As a team, organizations accredited by the Association of Zoos and Aquariums (AZA), like ours, have made strides in restoring more than 30 species to healthy wild populations, including the American bison, the California condor and a variety of aquatic species. (Read more about AZA efforts here.)
There has been good news just over the past year. In 2015, the IUCN moved the Iberian lynx from “critically endangered” to the less severe “endangered.” The Guadalupe fur seal went from “threatened” down to “least concern.” The global community has taken new interest in restricting trophy hunting thanks, in part, to the publicity surrounding Cecil the lion’s tragic death. Change can happen.
And just last week, we received good news for a critically endangered species that is near and dear to our hearts, the Sumatran rhino. A female rhino calf was born on May 12 at the Sumatran Rhino Sanctuary (SRS) in Indonesia. The calf’s father, Andalas, was born here at the Zoo in 2001 and moved to the SRS in 2007. With fewer than 100 Sumatran rhinos left on the planet, this birth is significant for the species, and we are proud to have played a part in it.
There are infinite choices you can make to promote positive change, but you’ll be most successful if you start with one or two that really speak to you. You’ll help ensure that currently endangered animals are still around for your children and grandchildren to enjoy and, more importantly, you’ll improve life on Earth for all of us.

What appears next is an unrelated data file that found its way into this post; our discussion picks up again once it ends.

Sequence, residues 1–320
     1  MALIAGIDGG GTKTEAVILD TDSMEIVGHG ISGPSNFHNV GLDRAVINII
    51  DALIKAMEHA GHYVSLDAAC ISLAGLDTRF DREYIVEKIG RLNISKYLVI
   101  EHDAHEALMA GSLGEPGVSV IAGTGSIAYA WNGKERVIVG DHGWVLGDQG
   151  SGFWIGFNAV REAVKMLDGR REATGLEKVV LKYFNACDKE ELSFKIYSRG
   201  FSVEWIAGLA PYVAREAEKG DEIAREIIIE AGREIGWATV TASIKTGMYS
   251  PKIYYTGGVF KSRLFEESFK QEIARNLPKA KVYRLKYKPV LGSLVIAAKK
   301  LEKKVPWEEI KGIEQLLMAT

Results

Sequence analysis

And be sure to tell your friends and family. The power of your passion is contagious!
“The quality of our life on this earth is dependent on how we treat the rest of life on Earth. We have a moral responsibility to look after the rest of the world, the future of which now lies in our hands.” –David Attenborough
May 20, 2016 1 Comment
Scientists at CREW are studying the reproduction of red pandas and have diagnosed pregnancies via trans-abdominal ultrasound. However, performing diagnostic ultrasound imaging requires animal training, a costly ultrasound machine (and a trained ultrasonographer to use it), and is not easily performed on less agreeable individuals. The development of a pregnancy test based on fecal analysis would allow non-invasive pregnancy detection in any female and also could be applied to wild individuals.
In addition to performing regular ultrasounds on the Zoo’s female red pandas, Bailey and Idgie (who has since transferred to another zoo), CREW scientists are measuring fecal hormone metabolites, such as progesterone (P4), to assess their usefulness as indicators of pregnancy.
Bailey had cubs in 2012 and 2013, and both pregnancies were diagnosed via ultrasound. As expected, fecal hormone metabolite analysis showed that her P4 concentrations increased after breeding and remained elevated until she gave birth. The other female, Idgie, was observed breeding, but no pregnancies were detected. Fecal P4 analysis revealed that her P4 was actually higher than Bailey’s in both years, even though she was not pregnant.